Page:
Trump "traded in his Android phone for a secure, encrypted device approved by the Secret Service with a new number that few people possess," The New York Times reports, citing "people close to the transition." Trump's aides told the newspaper that even though the official rationale was security, they are relieved at his restricted phone access — or at least greater reliance on the White House switchboard. Obama was originally given a special BlackBerry that was largely disabled for security purposes. He recently switched to an iPhone that let him email a limited group of people and surf the web, AP says, though he did not use it to make calls and always coordinated with staff before sending out a tweet.

We don't have many details about Trump's new smartphone, and probably won't for security purposes, but Obama gave some hints while talking about his last upgrade on The Tonight Show in June. "Finally, this year, they said, 'Good news Mr. President, we're going to give you a smartphone instead of a BlackBerry,'" Obama told Jimmy Fallon. "I'm excited, I get the thing, and they're like, 'Well, Mr. President, for security reasons — this is a great phone, state-of-the-art — but it doesn't take pictures, you can't text, the phone doesn't work, you can't play your music on it.'" Watch below. Peter Weber

5:51 a.m. ET

When Thursday's Late Show aired, Donald Trump's presidential inauguration was just over 12 hours away. "It's real," Stephen Colbert said. "It's happening. We all knew this day would come — it's inevitable, like death and never seeing his taxes." Once he's sworn in, "no one is really sure what Trump is gonna do in office — it's a grab bag," Colbert said. But Trump did tell The Washington Post that his plan to Make America Great Again is essentially to tell America it is now great. "America will be great when he says it is, okay?" Colbert said. "It's like your dad saying, 'You love Colonial Williamsburg! We drove all the way down here from St. Louis, you are having fun, mister. This is fun!'"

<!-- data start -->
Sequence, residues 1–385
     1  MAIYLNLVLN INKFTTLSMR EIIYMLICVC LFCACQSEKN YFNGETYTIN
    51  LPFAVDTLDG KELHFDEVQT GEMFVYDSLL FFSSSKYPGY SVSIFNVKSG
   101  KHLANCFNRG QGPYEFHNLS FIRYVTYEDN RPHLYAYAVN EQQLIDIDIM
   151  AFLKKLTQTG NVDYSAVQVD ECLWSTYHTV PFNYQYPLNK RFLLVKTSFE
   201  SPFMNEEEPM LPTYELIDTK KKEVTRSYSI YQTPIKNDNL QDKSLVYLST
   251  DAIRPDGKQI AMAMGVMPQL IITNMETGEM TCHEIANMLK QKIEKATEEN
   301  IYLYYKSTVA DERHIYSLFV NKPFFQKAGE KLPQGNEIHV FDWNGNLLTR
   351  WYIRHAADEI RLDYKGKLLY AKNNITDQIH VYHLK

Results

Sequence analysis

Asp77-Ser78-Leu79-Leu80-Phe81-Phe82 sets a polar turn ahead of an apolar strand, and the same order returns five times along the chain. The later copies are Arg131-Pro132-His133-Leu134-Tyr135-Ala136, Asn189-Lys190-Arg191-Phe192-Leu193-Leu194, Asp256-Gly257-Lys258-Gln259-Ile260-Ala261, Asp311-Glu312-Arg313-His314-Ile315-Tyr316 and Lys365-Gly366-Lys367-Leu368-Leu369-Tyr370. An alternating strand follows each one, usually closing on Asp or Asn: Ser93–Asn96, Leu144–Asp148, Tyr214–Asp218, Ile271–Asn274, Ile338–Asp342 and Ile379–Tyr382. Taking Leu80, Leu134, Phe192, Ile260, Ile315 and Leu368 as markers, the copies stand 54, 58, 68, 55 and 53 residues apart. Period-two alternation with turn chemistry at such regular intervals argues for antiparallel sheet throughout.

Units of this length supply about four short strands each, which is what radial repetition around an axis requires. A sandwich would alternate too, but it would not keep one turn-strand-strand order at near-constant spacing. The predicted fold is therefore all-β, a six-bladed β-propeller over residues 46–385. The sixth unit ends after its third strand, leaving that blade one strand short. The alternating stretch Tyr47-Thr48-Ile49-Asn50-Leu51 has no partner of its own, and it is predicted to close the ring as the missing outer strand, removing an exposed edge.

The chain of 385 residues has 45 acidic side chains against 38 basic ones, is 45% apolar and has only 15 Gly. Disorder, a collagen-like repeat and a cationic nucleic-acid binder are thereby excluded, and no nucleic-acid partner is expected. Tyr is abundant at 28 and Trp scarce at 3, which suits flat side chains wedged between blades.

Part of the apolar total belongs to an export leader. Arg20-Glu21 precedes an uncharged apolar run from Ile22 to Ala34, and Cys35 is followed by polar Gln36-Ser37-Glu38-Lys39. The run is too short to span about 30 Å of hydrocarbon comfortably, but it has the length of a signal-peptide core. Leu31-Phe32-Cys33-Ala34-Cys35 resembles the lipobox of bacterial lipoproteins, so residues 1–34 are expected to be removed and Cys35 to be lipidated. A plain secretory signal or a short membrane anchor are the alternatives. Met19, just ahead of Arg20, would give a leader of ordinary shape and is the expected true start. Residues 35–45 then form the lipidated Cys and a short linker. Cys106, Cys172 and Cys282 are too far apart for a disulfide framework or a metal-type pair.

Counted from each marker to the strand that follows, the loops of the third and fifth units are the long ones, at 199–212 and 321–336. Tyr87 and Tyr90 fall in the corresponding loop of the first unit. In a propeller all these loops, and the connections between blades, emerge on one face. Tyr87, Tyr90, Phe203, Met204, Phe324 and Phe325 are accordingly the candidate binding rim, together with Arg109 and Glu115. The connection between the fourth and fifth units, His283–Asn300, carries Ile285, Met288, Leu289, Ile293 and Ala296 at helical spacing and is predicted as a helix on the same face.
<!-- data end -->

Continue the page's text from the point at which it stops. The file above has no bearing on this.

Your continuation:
Trump also said he plans on bringing back military parades, to show America that its rebuilt military is great, too. But that doesn't mean Trump will be some sort of cold-hearted dictator, like North Korea's Kim Jong Un or Tiananmen Square massacre-era China, Colbert assured everyone, noting that Trump showed his soft side with a free inaugural concert at the Lincoln Memorial. Like all presidents-elect, Trump entered to music, he explained, "but instead of 'Hail to the Chief,' our new, loving president entered to.... 'Heart of Stone,'" the Rolling Stones song. "I hope he was talking about the statue of Lincoln behind him," Colbert said nervously. He ended his monologue poking fun at Rick Perry. Watch below. Peter Weber